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Igizeh


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Audio CD, September 26, 2000
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Music

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Photos

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Biography

For nearly two and a half decades, Banco de Gaia has been consistently redefining world electronica, with his music leaving an indelible footprint on the global scene, sparking many a dancefloor and inspiring countless musicians to follow. His sound has been at the forefront of blending acoustic and electronic sounds, integrating themes and techniques from cultures and traditions the world ... Read more in Amazon's Banco De Gaia Store

Visit Amazon's Banco De Gaia Store
for 42 albums, 4 photos, 3 videos, and 6 full streaming songs.


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Igizeh + Farewell Ferengistan
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Product Details

  • Audio CD (September 26, 2000)
  • Number of Discs: 1
  • Label: Six Degrees
  • ASIN: B00004Y9Y1
  • Average Customer Review: 4.3 out of 5 stars  See all reviews (18 customer reviews)
  • Amazon Best Sellers Rank: #323,110 in Music (See Top 100 in Music)

1. Seti I
2. Obsidian
3. Creme Egg
4. Glove Puppet (Vocal Version)
5. Gizeh
6. How Much Reality Can You Take?
7. B2
8. Fake It Till You Make It
9. Sixty Sixteen (For Karina)

Editorial Reviews

Amazon.com

Toby Marks, the musical alchemist behind Banco de Gaia, made his reputation by infusing Asian and Middle Eastern musical elements into his dub mixes, resulting in a compelling world music-electronica hybrid. For Igizeh, he has further blurred the constituent genres' boundaries, softening the house beat just a bit and letting his disparate inspirations swirl into a dreamy, intoxicating sonic daydream. If that's the club's loss, it's certainly the listener's gain. Much of the album was recorded in Egypt (including segments produced inside the Great Pyramid at Giza and the Temple of Seti I at Thebes), but to his credit Marks cannily avoids many easy world music and ambient clichés; Jennifer Folkes's soulful vocals on "Obsidian" and "Glove Puppet" are not the least of the stylish balancing act between East and West presented herein. --Jerry McCulley

Customer Reviews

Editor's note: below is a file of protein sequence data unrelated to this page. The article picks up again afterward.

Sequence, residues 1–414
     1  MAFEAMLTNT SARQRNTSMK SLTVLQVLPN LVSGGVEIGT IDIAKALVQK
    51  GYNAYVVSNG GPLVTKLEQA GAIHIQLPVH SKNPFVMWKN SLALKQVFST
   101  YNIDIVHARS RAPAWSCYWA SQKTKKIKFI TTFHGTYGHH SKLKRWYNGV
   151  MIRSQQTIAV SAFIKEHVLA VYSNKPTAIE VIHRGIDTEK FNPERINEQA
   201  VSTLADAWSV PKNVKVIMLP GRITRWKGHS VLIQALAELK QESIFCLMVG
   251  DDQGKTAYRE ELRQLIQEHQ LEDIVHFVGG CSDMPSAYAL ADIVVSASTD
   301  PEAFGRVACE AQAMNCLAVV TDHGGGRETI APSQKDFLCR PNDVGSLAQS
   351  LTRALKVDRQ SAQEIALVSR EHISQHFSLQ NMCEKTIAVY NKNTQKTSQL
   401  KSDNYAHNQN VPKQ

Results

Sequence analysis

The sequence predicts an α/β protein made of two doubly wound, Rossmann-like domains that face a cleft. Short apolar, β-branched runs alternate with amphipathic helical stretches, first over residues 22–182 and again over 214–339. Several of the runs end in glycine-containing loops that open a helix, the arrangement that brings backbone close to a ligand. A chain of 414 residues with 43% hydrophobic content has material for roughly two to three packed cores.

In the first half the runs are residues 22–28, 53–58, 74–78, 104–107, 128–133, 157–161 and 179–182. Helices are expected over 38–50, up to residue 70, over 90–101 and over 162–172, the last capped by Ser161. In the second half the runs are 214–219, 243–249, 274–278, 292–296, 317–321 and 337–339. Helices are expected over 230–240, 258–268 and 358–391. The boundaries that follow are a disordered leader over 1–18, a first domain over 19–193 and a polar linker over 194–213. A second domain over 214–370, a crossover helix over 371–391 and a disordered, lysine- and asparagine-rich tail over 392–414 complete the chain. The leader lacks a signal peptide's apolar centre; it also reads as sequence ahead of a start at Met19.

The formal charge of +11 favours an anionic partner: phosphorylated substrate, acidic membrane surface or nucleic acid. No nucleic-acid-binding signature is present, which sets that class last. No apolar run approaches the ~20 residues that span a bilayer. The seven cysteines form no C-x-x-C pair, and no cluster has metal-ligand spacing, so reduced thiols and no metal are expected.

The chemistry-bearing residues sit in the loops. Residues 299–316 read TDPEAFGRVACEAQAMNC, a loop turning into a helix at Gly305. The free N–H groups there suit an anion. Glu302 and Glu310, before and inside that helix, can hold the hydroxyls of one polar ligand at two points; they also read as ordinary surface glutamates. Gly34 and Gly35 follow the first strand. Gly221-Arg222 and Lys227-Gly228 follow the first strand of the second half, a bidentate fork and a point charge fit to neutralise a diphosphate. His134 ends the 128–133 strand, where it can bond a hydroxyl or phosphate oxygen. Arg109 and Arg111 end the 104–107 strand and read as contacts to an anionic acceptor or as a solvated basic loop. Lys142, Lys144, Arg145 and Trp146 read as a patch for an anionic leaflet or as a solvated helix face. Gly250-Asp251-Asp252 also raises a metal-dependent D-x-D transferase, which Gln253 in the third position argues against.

This is an album of sheer genius!
Ollie Williamson
The driving dance gives way, in the end, to layered vocals.
Elderbear
The more spins I give it the better I like this CD.
Donald F. Weidmann

Most Helpful Customer Reviews

8 of 8 people found the following review helpful By DJ ProFusion - WorldFusionRadio.com on April 25, 2003
Format: Audio CD
Bottom Line: Igizeh is Egyptian inspired, and parts of it was recorded at the Great Pyramid. Marks brews a magical blend of of instruments, sound effects, and uplifting chants.
The opening track "Seti I" starts off softly. All you hear at first is a distant voice, like an Islamic call to prayer, and a soft ambient hum. Gradually, very gradually, more instruments join in. Drums, tambourine, keyboards, then a vocal wail. It ramps up slowly building in volume and sophistication of theme until the chant begins. The volume and intensity continues to build and it isn't until five minutes into the song that it finally reaches full bore. Though highly unusual it is very effective. You are by now thoroughly hooked by the driving beat and the stirring group chant and mesmerized by the fluttering about of electronic themes. It is a journey to a distant land where you are sitting in on a tribal song. Though the song is long at well over eight minutes, it still seems too short.
"Obsidian" is great song featuring a fabulous vocal performance by Jennifer Folker. Part torch song part techno dance track, Obsidian has a very catchy tune, impassioned singing and a very dancey beat. The lyrics switch between English and other languages and non-languages, with the key English verse being "visions of yesterday, today." Hopefully some club DJs will pick up on this great song. The song inspired a remix CD.